I left relaxed and rank, reeking of herbal oil. I was like a carrot which had been pulled out of its protective earth and exposed to the light, and then put gently back again. I felt green and vegetative, at last.

Thekkady 5

Bundles of thatch were stored under several of the cottages. I took a number of photographs of them. This was my favourite.

Thekkady 4

The whole reason for Thekkady's existence as a tourist destination is that it abuts the 777 sq. kms. Of Periyar Wildlife Sanctuary. The sanctuary surrounds a large artificial lake that was created when the Periyar river was dammed in the late nineteenth century. One of the things one does in Thekkady is to take a boat ride on the lake, in the hope of seeing some of the wild animals which live in the sanctuary. So we did that.

It was actually my second visit to Periyar. My first was when I was still in college, and had come over to Madurai for a couple of months to study Tamil. I took a bus to Periyar with a friend for a weekend. I wrote about the boat ride:
In the morning we took a two-hour boat ride around the lake and saw beautiful scenery, several herds of wild elephants and a few deer, bison, wild boar and birds. I took several pictures of the elephants, which came out as tiny black dots on the edge of the water. My family made fun of me after I got back and showed them my slides, saying "Look! It's the elephants!"

So this time I thought that I could bring home some more photographs of small brown blobs, of which I could say “Look! Those are the elephants!”

We sat on the upper deck of a two-decker, large boat –a crowd of people, and many screaming babies. There was a group of French tourists, Malayali Muslims with ladies in burkhas, families from numerous other parts of India – R said, “This is a group of many hues and cries.”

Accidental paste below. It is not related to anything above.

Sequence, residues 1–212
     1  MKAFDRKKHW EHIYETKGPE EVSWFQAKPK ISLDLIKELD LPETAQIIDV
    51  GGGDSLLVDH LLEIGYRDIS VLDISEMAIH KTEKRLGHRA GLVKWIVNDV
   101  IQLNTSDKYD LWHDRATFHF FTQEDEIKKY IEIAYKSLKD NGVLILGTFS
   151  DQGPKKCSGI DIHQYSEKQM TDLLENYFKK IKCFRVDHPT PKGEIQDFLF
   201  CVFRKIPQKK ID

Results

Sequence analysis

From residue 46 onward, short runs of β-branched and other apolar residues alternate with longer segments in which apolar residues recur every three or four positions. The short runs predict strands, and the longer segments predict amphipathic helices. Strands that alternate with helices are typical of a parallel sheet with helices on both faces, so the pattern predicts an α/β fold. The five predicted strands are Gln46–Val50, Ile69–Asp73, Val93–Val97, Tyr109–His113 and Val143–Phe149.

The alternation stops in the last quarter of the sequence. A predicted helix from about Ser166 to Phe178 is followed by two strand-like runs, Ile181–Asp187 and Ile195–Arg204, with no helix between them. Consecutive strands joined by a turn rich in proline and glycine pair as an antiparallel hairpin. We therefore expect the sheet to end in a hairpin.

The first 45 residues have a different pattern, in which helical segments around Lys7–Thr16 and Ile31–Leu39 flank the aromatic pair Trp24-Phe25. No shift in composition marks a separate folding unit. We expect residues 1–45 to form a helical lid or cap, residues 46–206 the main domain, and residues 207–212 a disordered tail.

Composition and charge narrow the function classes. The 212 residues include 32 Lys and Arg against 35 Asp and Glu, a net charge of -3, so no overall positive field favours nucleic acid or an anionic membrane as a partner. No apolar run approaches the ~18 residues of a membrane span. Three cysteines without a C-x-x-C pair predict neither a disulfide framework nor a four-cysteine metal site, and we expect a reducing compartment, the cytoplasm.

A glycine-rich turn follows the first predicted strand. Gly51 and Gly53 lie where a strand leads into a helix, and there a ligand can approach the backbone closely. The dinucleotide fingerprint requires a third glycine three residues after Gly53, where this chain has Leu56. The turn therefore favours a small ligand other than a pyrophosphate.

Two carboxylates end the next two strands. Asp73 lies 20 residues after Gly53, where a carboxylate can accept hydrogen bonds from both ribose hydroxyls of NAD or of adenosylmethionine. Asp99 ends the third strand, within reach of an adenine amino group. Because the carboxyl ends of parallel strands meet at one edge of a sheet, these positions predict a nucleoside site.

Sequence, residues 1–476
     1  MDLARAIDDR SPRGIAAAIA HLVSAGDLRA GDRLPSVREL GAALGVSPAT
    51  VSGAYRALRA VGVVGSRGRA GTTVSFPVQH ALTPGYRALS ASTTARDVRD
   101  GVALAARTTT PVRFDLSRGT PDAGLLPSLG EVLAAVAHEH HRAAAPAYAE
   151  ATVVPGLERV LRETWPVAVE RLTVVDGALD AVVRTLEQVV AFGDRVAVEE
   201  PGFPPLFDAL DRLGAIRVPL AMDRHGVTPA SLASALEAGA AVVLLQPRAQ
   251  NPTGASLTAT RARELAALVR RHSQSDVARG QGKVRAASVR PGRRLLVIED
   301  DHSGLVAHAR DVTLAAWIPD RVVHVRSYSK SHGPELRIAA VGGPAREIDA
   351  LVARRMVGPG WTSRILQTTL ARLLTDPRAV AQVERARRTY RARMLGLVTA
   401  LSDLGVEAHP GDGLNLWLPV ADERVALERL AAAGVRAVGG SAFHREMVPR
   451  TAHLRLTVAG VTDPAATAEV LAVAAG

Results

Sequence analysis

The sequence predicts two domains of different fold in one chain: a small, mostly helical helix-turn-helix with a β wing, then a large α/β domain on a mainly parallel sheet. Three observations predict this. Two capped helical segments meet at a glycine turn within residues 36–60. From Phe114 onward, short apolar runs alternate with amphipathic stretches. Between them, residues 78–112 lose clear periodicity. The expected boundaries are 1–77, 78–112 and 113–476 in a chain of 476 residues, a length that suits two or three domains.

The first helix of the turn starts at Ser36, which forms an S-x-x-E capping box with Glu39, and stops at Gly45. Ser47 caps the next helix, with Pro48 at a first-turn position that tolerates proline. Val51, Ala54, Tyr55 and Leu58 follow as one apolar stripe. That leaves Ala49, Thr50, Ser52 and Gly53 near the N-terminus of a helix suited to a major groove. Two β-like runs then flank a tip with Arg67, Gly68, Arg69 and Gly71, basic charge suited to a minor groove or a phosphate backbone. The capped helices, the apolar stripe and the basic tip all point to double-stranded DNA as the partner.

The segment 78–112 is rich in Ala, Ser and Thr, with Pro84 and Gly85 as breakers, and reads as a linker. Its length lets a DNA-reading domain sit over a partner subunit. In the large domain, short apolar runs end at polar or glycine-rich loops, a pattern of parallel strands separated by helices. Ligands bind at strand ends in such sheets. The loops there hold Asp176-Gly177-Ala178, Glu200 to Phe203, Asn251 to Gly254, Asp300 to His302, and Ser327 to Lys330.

sitting on the boat at the jetty; a smaller boat to the right of ours

We spent almost two hours pottering around the various branches of the lake, seeing nothing much except for a few deer and a wild boar. At first, people cried out at every fallen log (“Mugger!” - crocodile) and boulder ("Hathi!" - elephant), and the French tourists kept saying "Oiseau! Oiseau!" (Bird! Bird!). But then they became resigned to not seeing much except green and green, and the characteristic dead trees rising from the water of the artificial lake.

Don't miss the deer, near the top, just to the left of the center of the book. I have drawn a helpful arrow, but it's not very visible in this scan

Finally though, as if it were deliberately kept for the end, we did come upon a group of about ten elephants grazing near the water’s edge. I took a photograph, and here it is -- Those are the elephants!

Something very nice happened a couple of days later. I'd been drawing in my journal everywhere, and one day a waiter at the restaurant, Mahesh, said that if I liked, he would draw me a picture of Periyar Lake. And he did, and presented it to me. Which brought tears to my eyes, as everything does these days - why does the world have to be so touching? Here it is -- much reduced in size. It has elephants bathing in the lake on the right, too.

And one more Periyar story, from my first visit, when I stayed at Periyar House, inside the Sanctuary:
After dinner: D was very nervous about the possibility of running into wild animals, so we walked only partway down to the lake and sat on a flight of stairs. Suddenly D said, "There's an animal over there -- let's go back" and walked up the stairs. I looked, abruptly realized that there really was something there, and scurried back to a sort of moat with a baffle over it, to keep animals out. Then I looked and looked, and when nothing moved I called to D, who was farther up, that it couldn't be an animal and that I was going to find out what it was. I crept up on it, and suddenly it turned its head and looked at me, and I said, "Oh! It is an animal!" and ran up the stairs. Then I noticed ghostly white bundles of laundry lying about, and realised that the fearsome beast was the laundry man's donkey.


I interrupt the thrilling story of our visit to Thekkady, because someone commented about the Iyers of Palakkad and their language, which is a blend of Tamil and Malayalam. It reminded me of a cook who worked for us for a short time...